More than 60 people have been injured and 200 houses damaged after a powerful earthquake rocked remote eastern Indonesia.
A disaster agency official warned the number of victims could rise.
People were woken up and ran screaming out of their homes when the 6.6-magnitude undersea quake struck in the Papua region at about 1am local time, not far from the coastal city of Sorong.
Seventeen people were so far known to have sustained serious injuries and 45 to have suffered minor injuries, while 200 houses were damaged, said disaster agency spokesman Sutopo Purwo Nugroho.
No deaths have so far been reported. The quake also caused blackouts in Sorong and patients were evacuated from a hospital in the city.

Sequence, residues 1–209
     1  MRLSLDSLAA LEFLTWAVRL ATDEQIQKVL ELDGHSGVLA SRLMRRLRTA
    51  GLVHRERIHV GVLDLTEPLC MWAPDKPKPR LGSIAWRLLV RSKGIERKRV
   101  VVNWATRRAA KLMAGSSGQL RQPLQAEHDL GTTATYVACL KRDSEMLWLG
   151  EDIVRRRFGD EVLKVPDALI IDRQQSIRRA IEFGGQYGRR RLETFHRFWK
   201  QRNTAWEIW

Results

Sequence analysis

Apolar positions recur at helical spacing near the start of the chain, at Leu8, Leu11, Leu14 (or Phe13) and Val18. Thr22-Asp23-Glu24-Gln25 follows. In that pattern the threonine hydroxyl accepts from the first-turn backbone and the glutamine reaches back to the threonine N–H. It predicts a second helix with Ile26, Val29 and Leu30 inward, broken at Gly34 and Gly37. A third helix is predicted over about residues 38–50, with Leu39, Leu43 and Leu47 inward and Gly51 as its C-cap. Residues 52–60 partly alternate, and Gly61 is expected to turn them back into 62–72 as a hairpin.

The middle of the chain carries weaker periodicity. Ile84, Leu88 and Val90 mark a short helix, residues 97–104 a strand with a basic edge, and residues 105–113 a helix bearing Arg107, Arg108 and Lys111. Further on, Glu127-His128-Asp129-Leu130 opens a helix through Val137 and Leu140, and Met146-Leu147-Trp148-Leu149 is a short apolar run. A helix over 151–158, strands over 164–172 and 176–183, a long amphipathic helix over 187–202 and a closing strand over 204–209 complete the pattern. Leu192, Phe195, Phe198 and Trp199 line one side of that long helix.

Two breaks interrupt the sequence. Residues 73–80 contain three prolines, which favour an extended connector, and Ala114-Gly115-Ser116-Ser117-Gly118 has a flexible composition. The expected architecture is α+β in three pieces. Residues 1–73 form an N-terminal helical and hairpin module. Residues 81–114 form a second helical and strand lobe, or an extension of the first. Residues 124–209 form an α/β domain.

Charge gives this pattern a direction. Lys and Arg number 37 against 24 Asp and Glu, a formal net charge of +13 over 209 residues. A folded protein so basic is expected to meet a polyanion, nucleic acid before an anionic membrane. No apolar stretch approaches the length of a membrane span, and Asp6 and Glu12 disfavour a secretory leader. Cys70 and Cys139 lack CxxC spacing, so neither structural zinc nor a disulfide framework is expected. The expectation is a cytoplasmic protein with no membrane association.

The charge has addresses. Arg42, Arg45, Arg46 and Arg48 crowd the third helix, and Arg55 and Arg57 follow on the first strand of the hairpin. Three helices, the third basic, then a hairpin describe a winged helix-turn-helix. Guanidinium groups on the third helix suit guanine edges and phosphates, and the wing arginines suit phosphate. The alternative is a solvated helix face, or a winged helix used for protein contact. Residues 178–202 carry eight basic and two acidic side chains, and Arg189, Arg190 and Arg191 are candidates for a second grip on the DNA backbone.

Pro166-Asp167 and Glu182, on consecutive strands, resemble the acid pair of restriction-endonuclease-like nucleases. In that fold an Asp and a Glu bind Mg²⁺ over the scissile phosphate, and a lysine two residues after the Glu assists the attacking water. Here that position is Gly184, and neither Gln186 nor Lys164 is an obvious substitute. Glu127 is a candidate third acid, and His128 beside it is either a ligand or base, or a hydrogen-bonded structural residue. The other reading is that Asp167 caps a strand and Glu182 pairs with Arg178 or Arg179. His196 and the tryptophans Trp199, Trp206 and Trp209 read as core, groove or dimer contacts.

"We are still collecting data, and we expect the number of victims and damage to increase," Nugroho said in a statement.
The US Geological Survey put the quake's magnitude at 6.6 and said its epicentre was at a depth of 24 kilometres.
Indonesia sits on the Pacific "Ring of Fire", where tectonic plates collide, causing frequent seismic and volcanic activity.
In July, a teenage boy fell into a river and died, and several buildings were damaged when a 7.0-magnitude quake rocked Papua.
A huge undersea quake in 2004 triggered a tsunami that engulfed Aceh province on western Sumatra island, killing more than 170,000 people in Indonesia and tens of thousands more in other countries with coasts on the Indian Ocean.